boxing-glovesThe impact of Brexit on the political makeup of this country made its mark in remarkably swift time, with the body count including the Prime Minister, the Chancellor and over half of the Shadow Cabinet. Yet, the one party that should have been on top of the world in the wake of British politics’ most seismic shift in over 30 years, the one that should have benefitted from it more than any other, the one for which Brexit was its entire raison d’être, appears to have imploded. While the media’s attention has largely been focused on the civil war within the Labour Party since June 23, the party that actually got the result it wanted has undergone an arguably greater period of turmoil post-Brexit. Yes, I’m naturally talking about our old friends in UKIP. This was the party formed for the sole reason of getting Britain out of the European Union; against all the expected odds, it finally succeeded in achieving its aim, and since then the whole enterprise has gone…well…tits up – an expression I’m sure they wouldn’t object to in UKIP circles.

Nigel Farage, the smoking, gurning, boozing boomerang of British politics who swore his second resignation as UKIP leader really was the end of his stint at the head of the party, is back in charge yet again, though this time he assures us it’s merely an interim post. This has been thrust upon him following the aborted 18-day reign of his successor Diane James. If Jeremy Corbyn was a virtually unknown entity to the average voter when he was elected Labour leader for the first time last year, Diane James was the invisible woman.

The strange – okay one strange – thing about UKIP is that its most familiar members weren’t actually running for control of the party when Nige stepped down for the last time. Ade Edmondson lookalike Paul Nuttall is a regular on ‘Question Time’, ‘The Daily Politics’ and ‘This Week’, as is Suzanne Evans; neither ran. Douglas Carswell is the party’s solitary MP, yet he wasn’t a contender either. Neil Hamilton, the former Tory MP who now leads UKIP in the Welsh Assembly (and a man who seems to live up to every UKIP stereotype with his air of a confused colonial colonel who refuses to accept the loss of the Empire), never got a leadership look in either.

Instead, we had a group of local councillor-types who, one suspected, even their mothers would struggle to recognise. Diane James won it and then quit less than three weeks later. Being kissed by Farage on the podium within seconds of her election victory probably wasn’t to blame, but few would envy her that honour.

A fresh leadership contest has now been thrown into disarray yet again following an ‘incident’ in the European Parliament yesterday, whereby bookies’ favourite Steven Woolfe had an altercation with a fellow UKIP MEP during a meeting of the party’s Euro-sceptic Euro boys (and girls) in Strasbourg. To be fair, all are facing a testing time; their ultimate aim would inevitably render them redundant. An MEP is fairly low down the political pecking order as it is, but actively campaigning for the UK to exit the EU naturally means no more British MEPs. Anyway, from what can be gathered from the somewhat unsavoury headlines, punches were exchanged between Mr Woolfe and – allegedly – Mike Hookem (ironically, UKIP’s Spokesman on Defence), during which the leadership hopeful banged his head; collapsing a couple of hours later, Woolfe was rushed to hospital and had a brain-scan. He is reportedly not in as serious a condition as initially thought.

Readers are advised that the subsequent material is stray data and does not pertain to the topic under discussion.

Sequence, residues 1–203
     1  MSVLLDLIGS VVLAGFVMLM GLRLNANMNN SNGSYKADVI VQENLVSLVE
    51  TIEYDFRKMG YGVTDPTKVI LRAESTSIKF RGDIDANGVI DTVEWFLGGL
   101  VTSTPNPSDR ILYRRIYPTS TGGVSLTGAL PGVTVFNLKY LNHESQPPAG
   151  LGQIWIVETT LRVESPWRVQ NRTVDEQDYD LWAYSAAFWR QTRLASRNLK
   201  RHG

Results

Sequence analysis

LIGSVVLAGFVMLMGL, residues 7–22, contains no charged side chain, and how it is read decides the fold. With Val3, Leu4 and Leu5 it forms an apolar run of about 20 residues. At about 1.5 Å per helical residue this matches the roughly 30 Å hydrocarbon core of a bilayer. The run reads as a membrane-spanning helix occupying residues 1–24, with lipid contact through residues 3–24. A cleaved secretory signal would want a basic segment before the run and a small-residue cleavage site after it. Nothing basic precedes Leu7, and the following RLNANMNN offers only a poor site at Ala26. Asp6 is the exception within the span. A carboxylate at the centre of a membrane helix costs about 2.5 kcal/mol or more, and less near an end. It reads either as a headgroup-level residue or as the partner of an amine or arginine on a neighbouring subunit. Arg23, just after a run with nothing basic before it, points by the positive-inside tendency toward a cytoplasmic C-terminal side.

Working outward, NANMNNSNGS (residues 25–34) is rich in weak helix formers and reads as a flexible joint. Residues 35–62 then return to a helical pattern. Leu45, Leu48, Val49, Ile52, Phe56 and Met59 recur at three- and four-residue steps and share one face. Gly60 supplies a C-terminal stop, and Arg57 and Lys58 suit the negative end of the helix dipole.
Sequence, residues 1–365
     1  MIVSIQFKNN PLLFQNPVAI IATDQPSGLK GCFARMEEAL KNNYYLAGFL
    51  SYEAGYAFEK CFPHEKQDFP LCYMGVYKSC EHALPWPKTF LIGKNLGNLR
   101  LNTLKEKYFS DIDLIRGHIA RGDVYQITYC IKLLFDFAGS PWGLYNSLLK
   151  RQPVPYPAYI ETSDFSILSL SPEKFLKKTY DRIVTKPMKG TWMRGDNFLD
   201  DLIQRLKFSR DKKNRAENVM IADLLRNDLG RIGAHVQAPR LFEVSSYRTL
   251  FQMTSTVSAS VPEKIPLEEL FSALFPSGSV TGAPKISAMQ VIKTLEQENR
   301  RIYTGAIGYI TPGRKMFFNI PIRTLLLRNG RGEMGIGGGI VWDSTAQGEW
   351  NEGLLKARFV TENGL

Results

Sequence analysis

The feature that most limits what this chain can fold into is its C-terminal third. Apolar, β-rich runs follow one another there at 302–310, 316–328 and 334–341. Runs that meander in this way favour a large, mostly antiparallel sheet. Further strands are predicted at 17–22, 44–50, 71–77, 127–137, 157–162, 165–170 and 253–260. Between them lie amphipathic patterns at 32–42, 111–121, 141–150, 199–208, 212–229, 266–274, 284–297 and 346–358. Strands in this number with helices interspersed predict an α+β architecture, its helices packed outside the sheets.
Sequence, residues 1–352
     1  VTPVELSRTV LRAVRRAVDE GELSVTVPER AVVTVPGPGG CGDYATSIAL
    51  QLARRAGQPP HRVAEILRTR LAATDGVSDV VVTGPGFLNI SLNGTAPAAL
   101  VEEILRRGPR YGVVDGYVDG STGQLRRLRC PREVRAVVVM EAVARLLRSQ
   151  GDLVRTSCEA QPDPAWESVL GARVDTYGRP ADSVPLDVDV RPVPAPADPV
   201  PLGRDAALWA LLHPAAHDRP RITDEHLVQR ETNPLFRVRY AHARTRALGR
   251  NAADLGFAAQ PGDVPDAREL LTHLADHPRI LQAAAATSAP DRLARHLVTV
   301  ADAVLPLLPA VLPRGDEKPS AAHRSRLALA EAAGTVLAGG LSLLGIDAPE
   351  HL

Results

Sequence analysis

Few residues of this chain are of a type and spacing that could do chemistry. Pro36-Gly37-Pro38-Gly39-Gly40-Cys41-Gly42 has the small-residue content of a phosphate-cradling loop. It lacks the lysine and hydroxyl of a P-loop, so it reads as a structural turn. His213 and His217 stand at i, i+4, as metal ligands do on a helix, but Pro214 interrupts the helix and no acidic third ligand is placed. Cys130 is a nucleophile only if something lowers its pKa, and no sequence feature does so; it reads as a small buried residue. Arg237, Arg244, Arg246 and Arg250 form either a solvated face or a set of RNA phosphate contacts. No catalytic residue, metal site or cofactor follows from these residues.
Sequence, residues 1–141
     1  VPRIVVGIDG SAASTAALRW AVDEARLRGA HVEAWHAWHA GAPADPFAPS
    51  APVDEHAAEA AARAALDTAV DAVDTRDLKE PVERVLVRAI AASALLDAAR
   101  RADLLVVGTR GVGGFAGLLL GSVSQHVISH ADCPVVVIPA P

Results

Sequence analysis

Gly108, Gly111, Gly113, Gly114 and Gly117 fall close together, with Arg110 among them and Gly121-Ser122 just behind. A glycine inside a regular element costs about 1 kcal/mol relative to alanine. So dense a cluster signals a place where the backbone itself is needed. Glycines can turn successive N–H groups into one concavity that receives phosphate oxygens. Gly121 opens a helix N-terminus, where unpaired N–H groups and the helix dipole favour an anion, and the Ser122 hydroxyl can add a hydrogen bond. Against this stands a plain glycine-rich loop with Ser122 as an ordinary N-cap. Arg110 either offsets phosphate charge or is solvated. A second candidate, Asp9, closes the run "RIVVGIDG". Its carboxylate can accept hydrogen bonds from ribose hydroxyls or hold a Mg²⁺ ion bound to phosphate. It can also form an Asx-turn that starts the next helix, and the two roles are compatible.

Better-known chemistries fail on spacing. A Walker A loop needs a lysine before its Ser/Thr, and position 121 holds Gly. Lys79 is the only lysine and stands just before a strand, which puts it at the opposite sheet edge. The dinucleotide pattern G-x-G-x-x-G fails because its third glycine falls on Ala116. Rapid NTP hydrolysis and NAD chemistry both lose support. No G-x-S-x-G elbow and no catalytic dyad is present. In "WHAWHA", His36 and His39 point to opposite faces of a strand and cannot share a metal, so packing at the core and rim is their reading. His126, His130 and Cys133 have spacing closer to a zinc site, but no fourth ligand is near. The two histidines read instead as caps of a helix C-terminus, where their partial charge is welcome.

Amidst this bout of playground politics, one of UKIP’s major donors Arron Banks has claimed the party to be at breaking point and let rip into Neil Hamilton, who supposedly had a few digs at Steven Woolfe on television before his condition after the scrap was fully known. Banks threatens to leave the party if both Hamilton and Douglas Carswell stay in it. The vitriolic antipathy between the various known names in UKIP makes some of Labour’s personality clashes seem no more unpleasant than the good-humoured piss-taking of Nicholas Parsons by Paul Merton on ‘Just a Minute’, and that UKIP seems to be bordering on the brink of complete collapse is remarkable considering no current political party in the country has laid out such a specific ambition and actually achieved it. Like a sportsman who has spent his entire career desperate for an Olympic gold medal, it almost feels as though reaching the pinnacle was a point at which there was only one way left to go – down.

Disgruntled Tories, disillusioned Labour voters, and – most probably – former BNP supporters who no doubt don’t like to talk about it, all flocked to UKIP during the long lead-up to the long-anticipated EU Referendum, won over by Farage’s Donald Trump-like outsider status, something perhaps enhanced by his persistent failure to be elected to Westminster. But now it would appear many that put their cross next to ‘Leave’ on the Referendum paper, chiming with UKIP sentiments, are already looking elsewhere for the next issue, whether drifting back to a Conservative Party now stripped of the Cameroons or even giving Jezza a chance. The old adage about being careful what you wish for appeared highly apt following the Brexit vote. For UKIP, it was a case of job done – so what now? Judging by recent events, oblivion.

The iniquities of Britain’s first-past-the-post system, giving the SNP 56 seats and UKIP just one at the 2015 General Election, has already made the party’s attempts to make inroads into the Commons hard work; but it seems now that UKIP are destined to retreat back to the fringes of British politics, side-by-side on the eternal periphery alongside their ideological enemies, the Greens. Be careful what you wish for indeed.

© The Editor